Father's Day is quickly approaching, and if we know any true stereotypes about dear old Dad, it's that he would prefer tee-time over tea-time. While he would sure appreciate a nice day out on the course, soaking in the sun and hopefully making a few balls into the holes, trouble does not shy away from a golf club. Potentially dangerous situations lurk behind every golf cart, but never fear! The Worst-Case Scenario Survival Handbook: Golf is here to save the day! For example. if Dad gets a little too into the game and ends up with his club stuck in a tree, here's what you do:
1. Attempt to shake the tree. Depending on the size of the tree and the thickness of its trunk, you may be able to dislodge the club by gently shaking the tree. Take care to avoid being hit by the club when it falls.
2. Try to dislodge the club by using a ball retriever, flagstick, or another club. Someone in your group may have a telescoping ball retriever, or, if you are near the green, grab the flagstick. Use the implement to reach the club or shake the branch where it is lodged.
3. Create a longer poker. Secure the flagstick to a golf club or to a telescoping ball retriever using athletic tape, shoelaces, or bandages. Tie the grip of the club to the base of the flagstick. Hold the head of the club and use the flag end of the stick to knock the club loose.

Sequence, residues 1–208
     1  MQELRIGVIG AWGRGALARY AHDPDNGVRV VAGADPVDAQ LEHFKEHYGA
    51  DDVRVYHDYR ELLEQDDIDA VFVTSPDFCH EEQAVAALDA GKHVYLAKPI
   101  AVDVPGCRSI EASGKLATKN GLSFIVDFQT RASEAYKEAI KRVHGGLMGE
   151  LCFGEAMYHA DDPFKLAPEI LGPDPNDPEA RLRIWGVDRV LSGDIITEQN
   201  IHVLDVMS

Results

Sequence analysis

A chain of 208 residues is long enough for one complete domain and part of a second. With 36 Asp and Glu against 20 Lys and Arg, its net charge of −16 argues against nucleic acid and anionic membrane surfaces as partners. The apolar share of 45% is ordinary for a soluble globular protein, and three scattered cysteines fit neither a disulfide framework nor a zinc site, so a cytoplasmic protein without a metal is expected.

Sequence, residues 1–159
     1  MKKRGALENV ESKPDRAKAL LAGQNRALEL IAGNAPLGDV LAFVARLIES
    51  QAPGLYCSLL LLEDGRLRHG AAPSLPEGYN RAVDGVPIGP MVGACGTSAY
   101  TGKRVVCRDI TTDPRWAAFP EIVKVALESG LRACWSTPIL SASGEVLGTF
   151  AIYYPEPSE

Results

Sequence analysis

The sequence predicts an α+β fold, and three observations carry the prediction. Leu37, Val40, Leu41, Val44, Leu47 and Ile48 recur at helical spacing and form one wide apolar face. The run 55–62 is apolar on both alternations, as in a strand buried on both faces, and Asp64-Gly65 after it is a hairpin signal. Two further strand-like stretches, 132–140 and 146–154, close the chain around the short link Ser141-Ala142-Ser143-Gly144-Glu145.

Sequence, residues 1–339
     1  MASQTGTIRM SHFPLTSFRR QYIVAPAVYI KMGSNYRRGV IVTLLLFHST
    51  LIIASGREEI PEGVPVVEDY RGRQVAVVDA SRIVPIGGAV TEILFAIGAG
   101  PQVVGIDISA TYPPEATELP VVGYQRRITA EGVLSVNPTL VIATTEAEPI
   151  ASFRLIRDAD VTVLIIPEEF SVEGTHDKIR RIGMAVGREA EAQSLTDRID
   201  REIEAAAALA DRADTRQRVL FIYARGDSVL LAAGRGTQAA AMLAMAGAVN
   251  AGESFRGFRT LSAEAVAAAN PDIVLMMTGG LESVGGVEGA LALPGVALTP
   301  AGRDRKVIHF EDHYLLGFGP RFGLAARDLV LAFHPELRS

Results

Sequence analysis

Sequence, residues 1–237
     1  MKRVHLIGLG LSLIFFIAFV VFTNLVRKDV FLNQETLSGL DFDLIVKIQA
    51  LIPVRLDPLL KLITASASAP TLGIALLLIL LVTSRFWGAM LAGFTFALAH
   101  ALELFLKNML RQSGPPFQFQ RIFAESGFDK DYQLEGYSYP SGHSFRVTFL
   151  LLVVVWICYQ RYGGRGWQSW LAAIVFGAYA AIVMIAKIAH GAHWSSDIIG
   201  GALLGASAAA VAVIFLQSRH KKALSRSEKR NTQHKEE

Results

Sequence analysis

4. Climb the tree. Use this method only if you cannot dislodge the club with the above methods, the tree is easily climbable, and the club is not too high. Carry another club in your belt to help you reach the stuck club or the branch that it is resting on, or have another player hand up a club when you are in position. See "How to Retrieve a Ball Stuck in a Tree" (page 24) for correct tree-climbing technique.
- Tossing other clubs into the tree in an attempt to dislodge the lost club may result in multiple stuck clubs or damage to the clubs.
- Do not throw sticks and stones at the errant club. They are not very effective and may hit you or members of your party on your way down.